Monday, November 23, 2009

My Quest To See the 1000 Greatest: Pepe le Moko (1937)

Pepe le Moko is #566 on  
My Quest to watch The 1000 Greatest Films 

Screened 11/09/09 on DVD from GreenCine

Ranked #519 on TSPDT

Though it has been remade several times (both loosely and straightforwardly so) and was highly influential on Michael Curtiz when he made his Academy Award winning classic Casablanca just a few years later, and (of course) was referenced by Jean Luc Godard (via Jean Paul Belmondo) in Pierrot le fou, once the Nouvelle Vague and Cahiers du Cinema brought such forgotten films and filmmakers back into vogue, possibly Pepe le Moko's most enduring (and widest spread) legacy can be seen in the namesake rapscallious and somewhat odoriferous classic Looney Tunes Character of Pepe le Pew. 

That particular extracurricular cartoonish anomaly aside, Julian Duvivier's pre-noir noirish film about a French thief and all about roue, running around the Casbah, evading the police and the informants but not the ladies, though perhaps seen as a bit racist in hindsight when it comes to the portrayal of the Casbah and its residents, is a classic of poetic realism (which was after all a stylistic precursor to film noir) that was in itself a precursor to a whole slice of film history.  This may seem a bit on the overdramatic side but nonetheless, in this critic's eyes, it is a true statement.  And a fellow critic may very well agree with me.  In his essay for the Criterion release of Pepe le Moke, Michael Atkinson wrote thus: "Without its iconic precedent there would have been no Humphrey Bogart, no John Garfield, no Robert Mitchum, no Randolph Scott, no Jean-Paul Belmondo (or Breathless or Pierrot le fou), no Jean-Pierre Melville or Alain Delon, no Steve McQueen, no Chinatown, no Bruce Willis, no movie-star heritage of weathered cool, vulnerable nihilism, bruised masculinity-as-cultural syndrome."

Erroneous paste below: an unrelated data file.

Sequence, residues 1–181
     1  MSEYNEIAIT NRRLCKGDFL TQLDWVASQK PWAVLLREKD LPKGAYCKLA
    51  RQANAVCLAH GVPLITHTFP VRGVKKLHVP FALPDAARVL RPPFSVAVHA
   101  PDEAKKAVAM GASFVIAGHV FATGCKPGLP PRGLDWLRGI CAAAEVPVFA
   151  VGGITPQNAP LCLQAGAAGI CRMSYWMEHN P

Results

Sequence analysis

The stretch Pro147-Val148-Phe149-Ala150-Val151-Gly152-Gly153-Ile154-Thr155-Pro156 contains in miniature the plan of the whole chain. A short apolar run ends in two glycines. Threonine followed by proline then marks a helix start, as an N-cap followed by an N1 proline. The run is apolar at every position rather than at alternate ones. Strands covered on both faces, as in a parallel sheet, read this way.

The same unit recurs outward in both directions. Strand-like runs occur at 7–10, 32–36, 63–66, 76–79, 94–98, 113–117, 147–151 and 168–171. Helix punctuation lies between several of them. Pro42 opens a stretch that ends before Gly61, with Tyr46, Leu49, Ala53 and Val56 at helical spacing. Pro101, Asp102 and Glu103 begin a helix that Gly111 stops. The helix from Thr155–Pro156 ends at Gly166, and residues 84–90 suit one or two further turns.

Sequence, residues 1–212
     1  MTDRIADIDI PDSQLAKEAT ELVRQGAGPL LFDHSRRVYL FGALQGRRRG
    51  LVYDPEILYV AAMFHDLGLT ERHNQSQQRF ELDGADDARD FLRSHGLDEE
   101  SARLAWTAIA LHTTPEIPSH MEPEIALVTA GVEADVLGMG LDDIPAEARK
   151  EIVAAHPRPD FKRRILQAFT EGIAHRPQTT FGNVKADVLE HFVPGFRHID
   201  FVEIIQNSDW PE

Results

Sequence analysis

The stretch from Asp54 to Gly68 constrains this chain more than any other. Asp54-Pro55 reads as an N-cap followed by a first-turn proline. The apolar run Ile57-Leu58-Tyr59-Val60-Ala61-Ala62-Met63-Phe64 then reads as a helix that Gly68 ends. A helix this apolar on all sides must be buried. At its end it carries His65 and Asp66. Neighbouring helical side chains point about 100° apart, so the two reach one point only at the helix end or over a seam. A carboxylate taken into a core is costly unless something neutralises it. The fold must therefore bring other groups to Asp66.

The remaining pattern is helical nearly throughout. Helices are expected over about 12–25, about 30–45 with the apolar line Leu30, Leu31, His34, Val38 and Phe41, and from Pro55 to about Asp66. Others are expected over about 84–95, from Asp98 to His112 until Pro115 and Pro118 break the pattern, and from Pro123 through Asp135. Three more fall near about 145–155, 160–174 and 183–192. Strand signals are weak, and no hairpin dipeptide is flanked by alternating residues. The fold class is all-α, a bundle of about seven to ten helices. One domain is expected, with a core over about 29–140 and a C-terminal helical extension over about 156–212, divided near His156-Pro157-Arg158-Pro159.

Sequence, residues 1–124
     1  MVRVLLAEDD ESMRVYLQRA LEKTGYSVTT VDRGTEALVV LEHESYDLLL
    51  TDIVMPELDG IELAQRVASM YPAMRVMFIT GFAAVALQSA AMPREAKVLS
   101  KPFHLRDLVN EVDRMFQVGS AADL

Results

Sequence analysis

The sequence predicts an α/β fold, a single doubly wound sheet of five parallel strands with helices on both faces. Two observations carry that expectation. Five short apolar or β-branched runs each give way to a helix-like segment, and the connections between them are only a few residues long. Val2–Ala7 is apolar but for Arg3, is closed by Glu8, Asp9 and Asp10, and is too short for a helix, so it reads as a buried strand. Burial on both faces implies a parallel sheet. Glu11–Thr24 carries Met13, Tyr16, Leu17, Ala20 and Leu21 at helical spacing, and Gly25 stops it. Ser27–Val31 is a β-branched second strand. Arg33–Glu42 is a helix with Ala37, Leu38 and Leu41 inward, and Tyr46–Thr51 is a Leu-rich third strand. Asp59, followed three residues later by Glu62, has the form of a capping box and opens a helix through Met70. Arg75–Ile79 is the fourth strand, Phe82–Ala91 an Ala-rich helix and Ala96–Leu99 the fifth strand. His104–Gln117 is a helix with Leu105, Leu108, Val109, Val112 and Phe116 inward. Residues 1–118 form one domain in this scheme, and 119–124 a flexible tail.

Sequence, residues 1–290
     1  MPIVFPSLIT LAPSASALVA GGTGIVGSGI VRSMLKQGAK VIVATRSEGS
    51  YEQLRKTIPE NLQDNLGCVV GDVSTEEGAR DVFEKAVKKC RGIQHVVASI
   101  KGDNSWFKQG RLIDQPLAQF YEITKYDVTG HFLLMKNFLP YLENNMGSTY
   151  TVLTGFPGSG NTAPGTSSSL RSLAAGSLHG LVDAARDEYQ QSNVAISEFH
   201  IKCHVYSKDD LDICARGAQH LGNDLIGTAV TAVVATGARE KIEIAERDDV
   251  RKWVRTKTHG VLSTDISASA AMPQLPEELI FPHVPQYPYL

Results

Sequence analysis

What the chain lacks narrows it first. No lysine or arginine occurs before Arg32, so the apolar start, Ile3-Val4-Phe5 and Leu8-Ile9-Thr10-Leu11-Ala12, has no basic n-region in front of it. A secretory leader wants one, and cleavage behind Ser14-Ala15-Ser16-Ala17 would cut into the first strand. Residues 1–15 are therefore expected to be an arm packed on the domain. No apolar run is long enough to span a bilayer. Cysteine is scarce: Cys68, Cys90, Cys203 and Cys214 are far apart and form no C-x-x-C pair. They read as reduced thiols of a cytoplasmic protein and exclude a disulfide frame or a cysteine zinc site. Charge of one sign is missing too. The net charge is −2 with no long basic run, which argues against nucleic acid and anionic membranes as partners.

I couldn't have said it better myself.  I was actually trying to verbalize this very point when I came across the Atkinson essay and he did it for me.  Pepe le Moko is, at the very least, one of the catalysts for all the aforementioned film history that was to follow.  Along with films such as early Hollywood Fritz Lang and von Sternberg, Duvivier's exotic thriller is what made noir possible, and in turn everything which has spawned from noir's own dark underbelly.  In fact, the novel on which Pepe is based was in turn inspired by Howard Hawks' Scarface.  Perhaps film history is all one viscous circle - much like the winding alleyways of the Casbah itself.  How's that for a segue?  

This spectacular spiraling camera of Duvivier is like a whirling dervish breaking free of the poetic realism it finds itself mired - for good or for bad - inside of, yet it is Pepe himself, the wonderful and quite prolific actor Jean Gabin, that makes this visually attractive film blossom into the full fledged sexy beast that it is.  To quote Michael Atkinson again (from the same Criterion written essay as above) in describing Gabin, he says he is "almost Garbo-like in his ability to anchor our attention without moving a muscle."  It is Gabin's stoic realism, twinged with an almost anti-sentimental sentimentalism (that makes sense, right?) that is the heart, the core, of Duvivier's film.  Incidentally, Gabin would go on to roles in Grand Illusion, Port of Shadows, Daybreak and Moontide but his career would slow down with the advent of WWII, where he would work with the Resistance. The rest, I suppose, is history.

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